Labor and leisure at Monticello Clark 2008; Connolly 1991) as, for example, when tourists and those who work at Monticello or Williamsburg recognize (or refuse to recognize) themselves in the historical personages the site portrays. It is also of some significance that while the enactment of identification at such sites is at times an explicit and self-consciously recognized program, it is also more routinely an implicit, even unintended consequence of the various ways tourists encounter the site and interact with the site’s caretakers. As I will show, because of the way identification works at Monticello and Williamsburg, racial differences and class distinctions continue to vex and disturb, even as these sites are more or less effective in producing uncontested arenas of national identification.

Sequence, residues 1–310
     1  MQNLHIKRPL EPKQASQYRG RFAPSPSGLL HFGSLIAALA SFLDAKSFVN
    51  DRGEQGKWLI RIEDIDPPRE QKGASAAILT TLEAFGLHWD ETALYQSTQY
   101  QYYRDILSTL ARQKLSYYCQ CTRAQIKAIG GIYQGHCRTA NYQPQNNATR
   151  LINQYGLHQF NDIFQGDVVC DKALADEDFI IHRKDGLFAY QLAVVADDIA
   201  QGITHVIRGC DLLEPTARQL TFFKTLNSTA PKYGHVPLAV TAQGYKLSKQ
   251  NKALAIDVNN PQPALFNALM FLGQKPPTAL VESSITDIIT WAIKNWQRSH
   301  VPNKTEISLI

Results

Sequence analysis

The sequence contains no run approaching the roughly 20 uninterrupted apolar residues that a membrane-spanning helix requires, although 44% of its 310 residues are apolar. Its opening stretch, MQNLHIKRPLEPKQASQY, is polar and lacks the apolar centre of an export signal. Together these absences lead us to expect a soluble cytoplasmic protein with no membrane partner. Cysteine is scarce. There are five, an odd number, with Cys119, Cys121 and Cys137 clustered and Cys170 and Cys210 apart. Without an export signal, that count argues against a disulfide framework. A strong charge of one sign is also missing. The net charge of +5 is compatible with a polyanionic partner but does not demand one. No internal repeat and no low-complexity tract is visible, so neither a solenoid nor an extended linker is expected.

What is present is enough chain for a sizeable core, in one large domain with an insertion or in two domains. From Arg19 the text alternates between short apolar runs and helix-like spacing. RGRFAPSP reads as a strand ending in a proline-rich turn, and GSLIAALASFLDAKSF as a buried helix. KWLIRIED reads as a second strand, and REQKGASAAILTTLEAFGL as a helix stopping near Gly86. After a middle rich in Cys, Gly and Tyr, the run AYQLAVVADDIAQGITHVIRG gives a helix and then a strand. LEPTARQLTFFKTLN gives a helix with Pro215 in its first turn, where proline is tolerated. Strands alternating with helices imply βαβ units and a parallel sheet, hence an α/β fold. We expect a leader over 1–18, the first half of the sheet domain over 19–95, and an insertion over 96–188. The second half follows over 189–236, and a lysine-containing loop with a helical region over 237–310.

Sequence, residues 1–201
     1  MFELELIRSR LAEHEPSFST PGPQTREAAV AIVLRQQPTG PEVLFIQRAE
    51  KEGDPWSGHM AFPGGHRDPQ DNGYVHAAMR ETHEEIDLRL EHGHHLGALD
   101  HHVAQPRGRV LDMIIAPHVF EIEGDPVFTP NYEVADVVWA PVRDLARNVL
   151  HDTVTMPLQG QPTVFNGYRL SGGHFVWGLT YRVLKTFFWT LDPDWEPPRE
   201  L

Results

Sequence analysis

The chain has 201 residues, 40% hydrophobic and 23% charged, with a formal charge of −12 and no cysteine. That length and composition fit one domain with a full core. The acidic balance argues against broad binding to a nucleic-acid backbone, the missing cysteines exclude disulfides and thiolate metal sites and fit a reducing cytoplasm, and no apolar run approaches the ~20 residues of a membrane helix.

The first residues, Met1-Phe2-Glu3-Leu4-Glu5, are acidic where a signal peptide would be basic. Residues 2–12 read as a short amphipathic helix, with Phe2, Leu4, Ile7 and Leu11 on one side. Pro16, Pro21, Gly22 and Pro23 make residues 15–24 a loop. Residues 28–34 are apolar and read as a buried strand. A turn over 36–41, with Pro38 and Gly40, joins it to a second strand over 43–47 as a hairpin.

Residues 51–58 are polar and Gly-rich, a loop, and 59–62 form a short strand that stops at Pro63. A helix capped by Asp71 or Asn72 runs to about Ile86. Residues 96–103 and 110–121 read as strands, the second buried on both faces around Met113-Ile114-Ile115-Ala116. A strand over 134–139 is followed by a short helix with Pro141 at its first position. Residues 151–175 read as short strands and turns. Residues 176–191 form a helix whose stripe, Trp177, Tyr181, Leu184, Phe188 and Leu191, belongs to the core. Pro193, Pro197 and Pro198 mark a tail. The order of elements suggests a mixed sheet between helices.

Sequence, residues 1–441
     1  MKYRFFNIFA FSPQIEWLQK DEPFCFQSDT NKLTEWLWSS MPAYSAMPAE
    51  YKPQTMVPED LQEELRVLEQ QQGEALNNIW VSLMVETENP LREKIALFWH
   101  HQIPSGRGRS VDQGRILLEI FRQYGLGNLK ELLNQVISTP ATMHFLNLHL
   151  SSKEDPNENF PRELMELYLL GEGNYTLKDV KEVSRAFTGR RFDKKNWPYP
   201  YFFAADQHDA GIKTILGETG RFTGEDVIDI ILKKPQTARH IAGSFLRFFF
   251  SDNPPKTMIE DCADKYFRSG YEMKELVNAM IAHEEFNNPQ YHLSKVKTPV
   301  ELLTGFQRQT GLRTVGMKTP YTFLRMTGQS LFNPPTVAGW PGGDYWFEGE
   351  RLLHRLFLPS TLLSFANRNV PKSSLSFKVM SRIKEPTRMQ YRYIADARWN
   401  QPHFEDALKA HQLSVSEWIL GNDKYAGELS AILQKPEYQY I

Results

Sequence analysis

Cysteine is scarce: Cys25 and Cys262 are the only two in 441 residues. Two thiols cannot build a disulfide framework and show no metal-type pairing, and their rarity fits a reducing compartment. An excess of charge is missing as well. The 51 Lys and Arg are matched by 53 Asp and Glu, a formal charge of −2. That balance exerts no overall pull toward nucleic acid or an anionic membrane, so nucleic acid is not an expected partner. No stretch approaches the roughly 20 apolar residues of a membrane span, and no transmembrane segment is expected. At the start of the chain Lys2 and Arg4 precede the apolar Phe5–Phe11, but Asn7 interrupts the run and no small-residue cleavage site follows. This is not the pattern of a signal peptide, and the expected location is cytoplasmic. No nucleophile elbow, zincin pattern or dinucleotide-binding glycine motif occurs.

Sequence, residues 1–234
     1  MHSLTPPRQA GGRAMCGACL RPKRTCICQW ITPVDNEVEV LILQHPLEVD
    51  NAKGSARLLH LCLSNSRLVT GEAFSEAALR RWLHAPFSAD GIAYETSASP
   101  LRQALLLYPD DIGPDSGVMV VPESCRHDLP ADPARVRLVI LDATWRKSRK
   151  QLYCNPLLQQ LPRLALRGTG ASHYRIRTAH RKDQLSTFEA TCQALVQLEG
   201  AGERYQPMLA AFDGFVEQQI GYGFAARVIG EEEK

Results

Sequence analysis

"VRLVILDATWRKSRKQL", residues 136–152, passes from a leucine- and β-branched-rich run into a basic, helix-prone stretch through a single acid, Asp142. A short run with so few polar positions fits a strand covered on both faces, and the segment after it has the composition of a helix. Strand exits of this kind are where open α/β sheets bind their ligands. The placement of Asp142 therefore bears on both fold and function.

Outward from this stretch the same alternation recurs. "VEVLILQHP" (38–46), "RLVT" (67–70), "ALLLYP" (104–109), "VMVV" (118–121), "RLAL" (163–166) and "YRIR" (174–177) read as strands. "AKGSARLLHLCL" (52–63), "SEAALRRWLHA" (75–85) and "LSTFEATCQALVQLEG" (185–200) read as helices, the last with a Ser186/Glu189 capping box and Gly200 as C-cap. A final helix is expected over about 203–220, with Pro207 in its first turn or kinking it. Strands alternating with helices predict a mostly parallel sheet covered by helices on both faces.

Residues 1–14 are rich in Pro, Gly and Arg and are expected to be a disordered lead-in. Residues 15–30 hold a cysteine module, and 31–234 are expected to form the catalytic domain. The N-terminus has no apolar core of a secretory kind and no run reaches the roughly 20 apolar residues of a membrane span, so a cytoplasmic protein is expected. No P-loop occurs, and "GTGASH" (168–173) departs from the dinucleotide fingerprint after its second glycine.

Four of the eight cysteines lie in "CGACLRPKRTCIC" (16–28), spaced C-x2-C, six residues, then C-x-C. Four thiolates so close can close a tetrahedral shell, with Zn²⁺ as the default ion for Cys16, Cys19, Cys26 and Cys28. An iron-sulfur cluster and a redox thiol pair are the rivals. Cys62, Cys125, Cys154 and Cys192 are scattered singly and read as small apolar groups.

Identification and the ethnographer To get a sense of the routines of identification, consider two conversations I had with visitors to Colonial Williamsburg. The first conversation occurred outside the gates of Williamsburg’s Bruton Parish church – famous for being among the oldest continuously operating churches in the United States, and a place whose episcopal liturgy, worn cemetery headstones, and architecture hark back to bucolic England. I am explaining to a middle-aged man that I am doing research for a book on Colonial Williamsburg and want to ask him some questions. Before I say anything more, he tells me how much he loves Williamsburg, and that he is Italian American, that he owns a plumbing business in beautiful Marin County California where he also has a beautiful home, but that if he could, he would want to be buried “right there” he points, “in the church yard.” Assuming, I think, that I work for Williamsburg, he then asks if I know how that sort of thing is arranged. Are there spaces in the cemetery? Does the museum solicit donations that might make a plot available? On another occasion, I am eating lunch at one of the many taverns that are meant to mimic the eighteenth century, and add a bit of life to the generally quiet streets while providing a convenient place to eat for the museum-town’s visitors. It is well past lunch time but not near dinner and the only other guest is a young African-American man and his two children. When I tell him I am writing a book and ask him where he is from and why he is there, he sits in silence and smiles before answering: “I am showing them” and gestures toward the children, “his story.” I hear him, but at first I miss the point, so he repeats. “His story, you know? His-story. They need to know his story to understand how it all works.” I laugh and he does too. Both conversations reveal identity as a process of identification. In the considerable scholarly literature on national identity, it is usually stressed that national identities do not necessarily come easily. They are neither natural, nor are they inevitable. It takes considerable work on the part of the state to turn, “peasants into Frenchmen” or “Indians into Mexicans” (Frye 1996). Among scholars of such processes, there is tendency to revel in the state’s failures to accomplish this feat. Indeed, the general scholarly position is one of critique. Nationalism, after all, like patriotism, is a word most scholars sneer at. Compounding this, of course, is a usually implicit, occasionally overt 145